- 1st Jun 2020
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FG Pryor & Sons is a major supplier of Cornish New potatoes, so as harvest gets into full swing, everyone on the farm is kept busy. Colwyn Farm has been run by the Pryor family since the late 1800s and Philip and his wife Denise are longstanding members of Branston’s Producer Group in the South West.
They grow around 1,300 acres of potatoes across Cornwall, working with the natural landscape as they have done for generations.
Planting starts here as early as January in the smaller fields that slope down to the coast. This year’s conditions weren’t ideal, but with the benefit of the Gulf stream and the breeze off the sea keeping the land here largely frost-free these earliest Cornish New potatoes can be ready as early as mid-April.
February 2020 was the wettest on record for the UK and this meant a lull in planting in most areas. In fact, the Pryors couldn’t plant anything between 8th February and 12th March because conditions were just too bad. Instead they chitted their seed in trays so that it would have a head start as soon as they were able to get back on the land. From this point onwards they were planting on any dry day that they could. The latter part of March was an extremely busy time for planting. It was followed by a warm April with plenty of sunshine and just enough rain to help the plants flourish.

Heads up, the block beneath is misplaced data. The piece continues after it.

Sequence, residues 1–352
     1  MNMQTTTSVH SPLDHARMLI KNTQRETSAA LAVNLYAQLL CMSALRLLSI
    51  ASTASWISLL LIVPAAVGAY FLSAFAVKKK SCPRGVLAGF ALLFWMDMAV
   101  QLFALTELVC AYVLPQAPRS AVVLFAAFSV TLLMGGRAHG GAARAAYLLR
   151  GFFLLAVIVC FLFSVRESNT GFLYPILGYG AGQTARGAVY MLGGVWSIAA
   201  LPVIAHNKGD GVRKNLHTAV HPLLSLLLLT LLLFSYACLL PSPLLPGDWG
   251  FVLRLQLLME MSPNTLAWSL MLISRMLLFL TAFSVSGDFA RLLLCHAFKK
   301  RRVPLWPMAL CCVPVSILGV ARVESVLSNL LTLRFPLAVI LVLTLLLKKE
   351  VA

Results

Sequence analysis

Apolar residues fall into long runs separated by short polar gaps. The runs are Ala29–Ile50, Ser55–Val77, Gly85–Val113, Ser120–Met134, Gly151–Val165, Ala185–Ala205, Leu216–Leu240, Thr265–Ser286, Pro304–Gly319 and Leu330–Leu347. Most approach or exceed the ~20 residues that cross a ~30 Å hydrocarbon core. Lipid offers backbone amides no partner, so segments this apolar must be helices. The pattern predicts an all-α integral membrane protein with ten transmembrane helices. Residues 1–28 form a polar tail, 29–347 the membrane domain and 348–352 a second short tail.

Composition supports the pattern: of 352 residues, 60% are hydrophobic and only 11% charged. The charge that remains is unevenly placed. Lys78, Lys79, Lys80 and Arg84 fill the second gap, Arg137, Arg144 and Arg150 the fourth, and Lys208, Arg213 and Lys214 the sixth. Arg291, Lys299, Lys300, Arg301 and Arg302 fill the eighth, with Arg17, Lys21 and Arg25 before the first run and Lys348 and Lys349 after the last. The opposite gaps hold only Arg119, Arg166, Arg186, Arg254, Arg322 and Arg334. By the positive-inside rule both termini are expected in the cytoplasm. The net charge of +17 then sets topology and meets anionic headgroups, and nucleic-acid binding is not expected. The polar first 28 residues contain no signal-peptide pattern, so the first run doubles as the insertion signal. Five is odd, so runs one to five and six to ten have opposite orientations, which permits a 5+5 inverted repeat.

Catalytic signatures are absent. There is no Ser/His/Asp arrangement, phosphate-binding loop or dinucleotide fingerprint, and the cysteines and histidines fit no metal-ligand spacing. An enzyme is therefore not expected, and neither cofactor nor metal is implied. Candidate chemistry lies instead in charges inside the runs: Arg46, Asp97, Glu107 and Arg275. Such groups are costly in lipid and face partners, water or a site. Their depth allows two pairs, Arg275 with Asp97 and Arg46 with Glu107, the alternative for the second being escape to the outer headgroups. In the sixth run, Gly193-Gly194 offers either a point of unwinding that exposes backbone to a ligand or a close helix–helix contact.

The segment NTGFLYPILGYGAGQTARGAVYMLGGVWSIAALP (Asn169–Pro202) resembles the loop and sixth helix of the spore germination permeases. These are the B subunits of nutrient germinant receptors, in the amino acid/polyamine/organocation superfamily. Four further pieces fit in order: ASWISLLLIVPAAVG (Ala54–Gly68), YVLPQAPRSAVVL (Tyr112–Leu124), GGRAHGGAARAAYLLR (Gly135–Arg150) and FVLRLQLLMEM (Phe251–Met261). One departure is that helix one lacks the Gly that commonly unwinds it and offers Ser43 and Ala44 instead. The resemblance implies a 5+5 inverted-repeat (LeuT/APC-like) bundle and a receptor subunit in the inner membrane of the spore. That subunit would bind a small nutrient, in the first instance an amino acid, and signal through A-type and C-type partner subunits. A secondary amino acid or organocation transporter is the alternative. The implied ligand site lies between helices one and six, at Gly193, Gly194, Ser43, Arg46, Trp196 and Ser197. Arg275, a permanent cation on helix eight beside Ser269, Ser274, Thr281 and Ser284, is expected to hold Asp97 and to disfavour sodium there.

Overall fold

From early May harvesting starts in the fields around Penzance. Fluffy-skinned, buttery-fresh tasting Cornish New potatoes: only available locally at first but then start trickling out nationwide, as everyone wants to get that first taste of summer spuds. Much of the early harvesting is done by hand to protect the delicate skins and make sure they can get the most out of these smaller more geographically challenging areas.
Once the potatoes in the larger fields inland are ready, they’re able to use harvesting machines. These will speed up the process and mean they can harvest enough Cornish New potatoes to supply supermarkets nationwide. They’ll harvest as the orders come through to make sure that the crops are as fresh as possible, but as gently as possible to protect the delicate spuds and the fertile fields.
The Pryor family work hard to balance their farming activities with the natural environment. They’ve been particularly focusing on soil health - moving away from intensive farming and working towards improving and maintaining long term sustainability. Philip Pryor says: “I want to hand the land over to the next generation in the same or better state than it was handed to me.”
The couple’s son Warwick and daughter Amy are actively involved in the farm and they’ve been learning about working with the land from a very early age. As Philip says: ‘They’re the future and it’s important for them to understand how to look after the farm and the soil that we rely on for the generations to come.”
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